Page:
US Suffers Loss As UN Security Council Rejects Extension To Iran Arms Embargo

US Suffers Loss As UN Security Council Rejects Extension To Iran Arms Embargo

Reporterly

Reporterly Reporterly

15 Aug 2020

The UN Security Council rejected a U.S. proposal to indefinitely extend the conventional weapons embargo on Iran which is set to expire in October 2020.

“The Security Council’s failure to act decisively in defence of international peace and security is inexcusable,” said U.S. Secretary of State Mike Pompeo on Friday as the council voted to allow the 13-year embargo to expire.

The Security Council “rejected a reasonable resolution” said Pompeo, and “paved the way for the world’s leading state sponsor of terrorism to buy and sell conventional weapons without specific UN restrictions in place for the first time in over a decade.”

The vote was two in favour, two against and 11 abstentions in the 15-member council.

Russia and China, the two permanent members of the Security Council had opposed the push for an indefinite extension of the embargo. France, Germany and the U.K. had also voiced their dissent to the U.S. threat to impose sanctions unilaterally if the Security Council voted to let the embargo expire.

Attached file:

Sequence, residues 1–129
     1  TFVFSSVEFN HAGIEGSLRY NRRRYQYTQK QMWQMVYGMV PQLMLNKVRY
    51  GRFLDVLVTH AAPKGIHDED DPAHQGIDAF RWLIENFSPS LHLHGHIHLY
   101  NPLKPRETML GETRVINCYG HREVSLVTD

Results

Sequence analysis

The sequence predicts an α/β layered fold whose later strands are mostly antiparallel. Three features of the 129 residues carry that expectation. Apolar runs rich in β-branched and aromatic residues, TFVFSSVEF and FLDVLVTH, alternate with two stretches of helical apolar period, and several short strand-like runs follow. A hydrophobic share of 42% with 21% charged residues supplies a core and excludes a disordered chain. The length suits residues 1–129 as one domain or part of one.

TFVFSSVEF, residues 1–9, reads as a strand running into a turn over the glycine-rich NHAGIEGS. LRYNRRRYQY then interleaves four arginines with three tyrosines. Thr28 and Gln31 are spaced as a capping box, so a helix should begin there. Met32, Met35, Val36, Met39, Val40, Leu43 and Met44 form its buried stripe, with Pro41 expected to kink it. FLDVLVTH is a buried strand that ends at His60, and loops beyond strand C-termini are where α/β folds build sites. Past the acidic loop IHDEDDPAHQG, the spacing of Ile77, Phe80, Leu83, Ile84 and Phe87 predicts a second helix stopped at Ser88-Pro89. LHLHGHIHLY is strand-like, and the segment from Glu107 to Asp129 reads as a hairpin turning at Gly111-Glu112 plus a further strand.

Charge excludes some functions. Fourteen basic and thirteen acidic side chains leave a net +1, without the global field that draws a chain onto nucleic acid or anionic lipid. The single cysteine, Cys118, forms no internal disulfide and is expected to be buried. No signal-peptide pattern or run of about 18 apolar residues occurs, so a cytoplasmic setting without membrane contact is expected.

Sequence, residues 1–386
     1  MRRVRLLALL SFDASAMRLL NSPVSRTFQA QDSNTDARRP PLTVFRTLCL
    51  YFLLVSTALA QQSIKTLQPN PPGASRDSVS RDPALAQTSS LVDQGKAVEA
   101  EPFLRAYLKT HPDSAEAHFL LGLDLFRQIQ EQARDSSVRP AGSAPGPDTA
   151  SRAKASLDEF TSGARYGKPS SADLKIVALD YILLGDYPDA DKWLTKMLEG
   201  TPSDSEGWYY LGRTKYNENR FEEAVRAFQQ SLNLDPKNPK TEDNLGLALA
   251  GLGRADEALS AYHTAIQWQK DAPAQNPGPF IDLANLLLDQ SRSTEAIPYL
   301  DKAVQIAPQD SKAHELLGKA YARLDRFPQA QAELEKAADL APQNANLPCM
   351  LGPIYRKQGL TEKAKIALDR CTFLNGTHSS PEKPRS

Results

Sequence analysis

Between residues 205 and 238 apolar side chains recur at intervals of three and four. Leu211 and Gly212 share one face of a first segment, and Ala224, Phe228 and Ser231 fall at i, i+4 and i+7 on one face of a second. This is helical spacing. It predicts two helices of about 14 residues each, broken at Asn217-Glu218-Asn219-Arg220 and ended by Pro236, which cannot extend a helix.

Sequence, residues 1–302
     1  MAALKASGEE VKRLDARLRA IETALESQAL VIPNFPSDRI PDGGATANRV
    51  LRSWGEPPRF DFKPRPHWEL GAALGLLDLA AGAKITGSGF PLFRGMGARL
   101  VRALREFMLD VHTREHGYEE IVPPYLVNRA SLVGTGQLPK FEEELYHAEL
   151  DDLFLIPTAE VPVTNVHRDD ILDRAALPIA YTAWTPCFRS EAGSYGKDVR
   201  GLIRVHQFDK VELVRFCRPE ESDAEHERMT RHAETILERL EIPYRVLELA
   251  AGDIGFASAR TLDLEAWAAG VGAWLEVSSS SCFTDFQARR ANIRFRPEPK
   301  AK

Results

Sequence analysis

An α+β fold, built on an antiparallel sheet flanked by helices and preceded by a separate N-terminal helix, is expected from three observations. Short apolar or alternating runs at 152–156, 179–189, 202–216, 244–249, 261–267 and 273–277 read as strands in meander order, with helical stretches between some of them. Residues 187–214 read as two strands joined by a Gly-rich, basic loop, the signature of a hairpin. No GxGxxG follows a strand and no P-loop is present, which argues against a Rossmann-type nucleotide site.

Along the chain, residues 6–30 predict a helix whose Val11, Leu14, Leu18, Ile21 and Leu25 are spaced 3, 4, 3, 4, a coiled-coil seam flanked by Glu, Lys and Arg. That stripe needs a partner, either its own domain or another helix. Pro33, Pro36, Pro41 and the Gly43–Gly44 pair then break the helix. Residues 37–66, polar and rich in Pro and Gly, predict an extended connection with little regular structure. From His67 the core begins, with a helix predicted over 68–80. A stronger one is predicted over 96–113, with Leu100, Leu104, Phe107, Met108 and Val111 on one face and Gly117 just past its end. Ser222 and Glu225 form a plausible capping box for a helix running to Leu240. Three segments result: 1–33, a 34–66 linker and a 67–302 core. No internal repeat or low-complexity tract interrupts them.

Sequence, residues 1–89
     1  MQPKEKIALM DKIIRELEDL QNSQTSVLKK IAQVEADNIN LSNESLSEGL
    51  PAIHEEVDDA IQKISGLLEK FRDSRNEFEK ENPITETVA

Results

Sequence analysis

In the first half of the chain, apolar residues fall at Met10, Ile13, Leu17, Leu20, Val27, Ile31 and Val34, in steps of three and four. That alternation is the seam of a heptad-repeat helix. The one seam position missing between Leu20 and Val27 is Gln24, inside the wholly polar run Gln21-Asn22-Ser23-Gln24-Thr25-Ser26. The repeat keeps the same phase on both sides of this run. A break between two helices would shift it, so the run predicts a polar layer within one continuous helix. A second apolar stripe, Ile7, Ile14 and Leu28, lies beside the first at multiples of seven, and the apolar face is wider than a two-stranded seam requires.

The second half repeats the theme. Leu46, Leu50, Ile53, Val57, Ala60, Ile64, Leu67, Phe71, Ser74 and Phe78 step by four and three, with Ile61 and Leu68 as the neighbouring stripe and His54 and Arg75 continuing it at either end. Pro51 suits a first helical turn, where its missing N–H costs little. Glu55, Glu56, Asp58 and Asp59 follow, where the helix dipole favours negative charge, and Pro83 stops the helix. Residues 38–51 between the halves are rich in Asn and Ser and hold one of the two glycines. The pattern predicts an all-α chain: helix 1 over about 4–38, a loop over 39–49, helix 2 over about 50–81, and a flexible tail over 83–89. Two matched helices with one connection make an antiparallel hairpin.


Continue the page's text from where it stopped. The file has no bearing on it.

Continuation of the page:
Th permanent members did not have to use their veto power, but the nations pointed that U.S. was not in a position to negotiate the term of an arms embargo since they had withdrawn from the Iranian nuclear deal in 2018.

With the failure of the resolution, the U.S. has threatened to unilaterally trigger snapback sanctions on Tehran, arguing that their withdrawal from the nuclear deal is a separate matter from Iran’s arms dealing.

“We don’t think Iran has given any indication that it is in a place remotely where the world [should] sell them high-end weapon systems,” Pompeo said.

U.S. Ambassador to the UN Kelly Craft said in a statement that the U.S. “has every right to initiate snapback of provisions of previous Security Council resolutions” and “in the coming days, the United States will follow through on that promise to stop at nothing to extend the arms embargo.”

Experts have said that the snapback could plunge the Council into chaos and destroy the nuclear deal while further fanning regional tensions.

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